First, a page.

|The staff interprets by sign language by side of the Deaf wrestler showing off strength. |
February 15, 2013
The Deaf professional wrestling organization called the "HERO" (headquarters in Chuo-ku, Tokyo) has been holding six performances mainly in the Tokyo metropolitan area after starting a new business in 2010.
An announcer by the ring side interprets the sign language of the Deaf wrestler, or the staff interprets what a hearing wrestler says on the ring for Deaf spectators.
Fundamentally, five Deaf wrestlers from the "HERO" challenge hearing counterparts for a match. About 80 percent of spectators are Deaf.
A Deaf wrestler, Yamiki aged 62 who is the main wrestler of the "HERO," joined the new professional wrestling group which was formed by one of the prominent hearing wrestler, Antonio Inoki, and started as a trainee at the age of 21.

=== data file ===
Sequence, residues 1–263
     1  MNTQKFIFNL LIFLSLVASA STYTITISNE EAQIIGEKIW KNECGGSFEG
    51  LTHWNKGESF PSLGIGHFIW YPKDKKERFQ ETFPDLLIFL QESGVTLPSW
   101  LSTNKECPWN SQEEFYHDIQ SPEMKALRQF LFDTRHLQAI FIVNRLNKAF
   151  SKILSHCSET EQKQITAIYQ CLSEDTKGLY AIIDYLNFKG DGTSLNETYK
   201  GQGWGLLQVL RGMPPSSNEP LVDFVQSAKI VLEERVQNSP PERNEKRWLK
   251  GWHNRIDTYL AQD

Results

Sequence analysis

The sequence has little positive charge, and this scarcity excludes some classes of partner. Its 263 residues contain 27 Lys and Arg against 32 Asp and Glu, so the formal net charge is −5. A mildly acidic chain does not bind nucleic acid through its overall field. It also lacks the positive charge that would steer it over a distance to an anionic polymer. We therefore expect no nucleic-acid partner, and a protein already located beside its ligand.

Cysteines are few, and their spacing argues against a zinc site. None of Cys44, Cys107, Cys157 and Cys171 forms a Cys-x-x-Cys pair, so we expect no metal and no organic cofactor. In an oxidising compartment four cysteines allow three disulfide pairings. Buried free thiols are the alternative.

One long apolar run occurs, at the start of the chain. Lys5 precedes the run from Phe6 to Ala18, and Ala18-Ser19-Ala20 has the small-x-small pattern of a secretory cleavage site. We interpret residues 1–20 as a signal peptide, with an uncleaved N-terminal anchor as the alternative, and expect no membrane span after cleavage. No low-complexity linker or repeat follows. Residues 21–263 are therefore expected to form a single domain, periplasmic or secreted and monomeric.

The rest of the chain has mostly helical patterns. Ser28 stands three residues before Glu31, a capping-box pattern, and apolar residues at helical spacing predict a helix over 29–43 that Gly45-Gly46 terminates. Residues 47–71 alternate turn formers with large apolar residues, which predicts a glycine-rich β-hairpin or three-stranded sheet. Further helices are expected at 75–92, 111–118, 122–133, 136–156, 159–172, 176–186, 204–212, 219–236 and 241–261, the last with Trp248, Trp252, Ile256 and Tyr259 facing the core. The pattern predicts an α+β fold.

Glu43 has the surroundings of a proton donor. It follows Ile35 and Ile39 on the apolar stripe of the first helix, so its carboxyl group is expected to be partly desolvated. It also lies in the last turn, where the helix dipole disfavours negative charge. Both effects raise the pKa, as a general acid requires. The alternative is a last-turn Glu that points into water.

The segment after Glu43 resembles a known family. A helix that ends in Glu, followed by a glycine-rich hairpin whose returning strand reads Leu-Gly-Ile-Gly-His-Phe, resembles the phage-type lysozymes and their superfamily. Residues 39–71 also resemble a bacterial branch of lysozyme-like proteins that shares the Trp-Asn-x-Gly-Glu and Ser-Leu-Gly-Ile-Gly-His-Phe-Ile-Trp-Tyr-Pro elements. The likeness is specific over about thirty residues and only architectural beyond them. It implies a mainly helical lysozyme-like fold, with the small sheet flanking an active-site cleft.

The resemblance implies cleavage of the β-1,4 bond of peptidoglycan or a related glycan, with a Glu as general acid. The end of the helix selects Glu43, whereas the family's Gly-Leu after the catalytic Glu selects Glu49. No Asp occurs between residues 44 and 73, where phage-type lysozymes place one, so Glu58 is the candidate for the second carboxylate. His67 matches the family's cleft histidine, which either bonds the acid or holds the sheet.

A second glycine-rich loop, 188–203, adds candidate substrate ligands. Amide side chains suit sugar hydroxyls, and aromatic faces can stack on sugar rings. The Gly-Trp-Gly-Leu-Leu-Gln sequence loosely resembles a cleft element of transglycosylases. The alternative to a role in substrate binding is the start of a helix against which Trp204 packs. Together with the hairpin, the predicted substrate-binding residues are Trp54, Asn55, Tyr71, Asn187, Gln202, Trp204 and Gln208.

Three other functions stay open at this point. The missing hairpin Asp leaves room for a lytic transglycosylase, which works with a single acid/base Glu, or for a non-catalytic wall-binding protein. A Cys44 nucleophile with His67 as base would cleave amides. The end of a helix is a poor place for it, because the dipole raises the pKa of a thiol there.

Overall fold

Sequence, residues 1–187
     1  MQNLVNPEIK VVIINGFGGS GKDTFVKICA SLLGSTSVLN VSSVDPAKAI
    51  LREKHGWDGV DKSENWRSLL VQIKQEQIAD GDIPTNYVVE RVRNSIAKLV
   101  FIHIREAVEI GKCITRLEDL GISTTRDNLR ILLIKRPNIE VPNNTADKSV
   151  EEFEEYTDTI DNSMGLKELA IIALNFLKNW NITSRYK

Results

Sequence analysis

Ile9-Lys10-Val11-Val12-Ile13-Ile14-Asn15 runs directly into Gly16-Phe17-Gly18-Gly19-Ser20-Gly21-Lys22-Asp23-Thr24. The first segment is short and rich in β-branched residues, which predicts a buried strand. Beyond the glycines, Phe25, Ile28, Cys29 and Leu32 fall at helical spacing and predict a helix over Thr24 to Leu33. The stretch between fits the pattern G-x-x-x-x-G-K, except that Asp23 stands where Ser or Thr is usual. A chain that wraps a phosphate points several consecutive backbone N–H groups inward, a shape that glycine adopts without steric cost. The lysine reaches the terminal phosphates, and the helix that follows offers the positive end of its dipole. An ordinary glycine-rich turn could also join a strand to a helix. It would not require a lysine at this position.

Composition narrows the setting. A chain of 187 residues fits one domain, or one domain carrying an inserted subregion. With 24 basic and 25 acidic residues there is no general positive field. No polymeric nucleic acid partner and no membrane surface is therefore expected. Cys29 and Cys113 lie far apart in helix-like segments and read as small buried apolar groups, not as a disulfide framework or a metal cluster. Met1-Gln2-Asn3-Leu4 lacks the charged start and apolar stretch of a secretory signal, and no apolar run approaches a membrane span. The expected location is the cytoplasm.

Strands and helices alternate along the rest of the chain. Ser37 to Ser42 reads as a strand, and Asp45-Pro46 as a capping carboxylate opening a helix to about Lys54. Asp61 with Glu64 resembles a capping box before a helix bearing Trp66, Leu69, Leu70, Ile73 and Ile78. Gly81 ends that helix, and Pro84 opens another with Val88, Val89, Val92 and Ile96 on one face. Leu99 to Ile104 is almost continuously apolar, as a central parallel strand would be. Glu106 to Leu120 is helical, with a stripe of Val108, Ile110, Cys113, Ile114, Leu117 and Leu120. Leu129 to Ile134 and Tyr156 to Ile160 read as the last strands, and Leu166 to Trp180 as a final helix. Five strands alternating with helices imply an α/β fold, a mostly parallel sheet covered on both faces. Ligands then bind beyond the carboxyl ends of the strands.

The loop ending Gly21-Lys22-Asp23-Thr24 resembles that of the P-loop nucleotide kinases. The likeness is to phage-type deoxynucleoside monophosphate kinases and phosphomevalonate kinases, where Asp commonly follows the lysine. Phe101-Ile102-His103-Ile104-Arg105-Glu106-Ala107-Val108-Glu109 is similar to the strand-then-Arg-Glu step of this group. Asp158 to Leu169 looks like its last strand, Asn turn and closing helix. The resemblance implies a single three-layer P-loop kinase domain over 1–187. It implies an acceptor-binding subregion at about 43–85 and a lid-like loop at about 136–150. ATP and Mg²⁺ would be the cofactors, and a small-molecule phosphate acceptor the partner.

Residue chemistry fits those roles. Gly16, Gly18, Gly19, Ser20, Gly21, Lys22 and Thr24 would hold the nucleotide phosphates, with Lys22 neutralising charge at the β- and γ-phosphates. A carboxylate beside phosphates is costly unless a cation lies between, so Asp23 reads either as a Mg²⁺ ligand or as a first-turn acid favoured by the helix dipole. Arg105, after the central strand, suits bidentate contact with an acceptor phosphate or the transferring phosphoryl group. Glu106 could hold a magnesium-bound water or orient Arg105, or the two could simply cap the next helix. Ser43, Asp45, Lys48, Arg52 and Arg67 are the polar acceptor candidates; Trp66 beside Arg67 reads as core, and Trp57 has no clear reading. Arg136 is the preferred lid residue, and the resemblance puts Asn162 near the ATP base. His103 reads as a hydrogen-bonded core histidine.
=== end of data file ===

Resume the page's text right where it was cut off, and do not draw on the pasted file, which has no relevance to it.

Because Yamiki was Deaf, the group didn't believe his ability, and no longer invited him for practice when he was injured, so he left the group about one year later.
Yamiki became involved in a wrestling group for persons with disabilities, such as a referee etc. since around 2005. He wanted to be a wrestler again then, starting the "HERO" with his eldest son Sato Yoshiyuki, 34, on 20 February, 2010.
Yamaki said about his experience with his hearing opponent at the first meeting: Yamaki told him something by pointing at him, who misunderstood it for an insult.
Sato, who currently represents the "HERO," continued the part-time delivery job all the time from the time of starting a new business, raising the activity fund and busy in securing the staff fluent in sign language, etc.
It is not easy for the Deaf wrestlers to find practice time as they are employed by a company. What supports them is the zeal to give the spectators as a wrestler that once they had been impressed as a fan of the professional wrestling.
Japanese original article: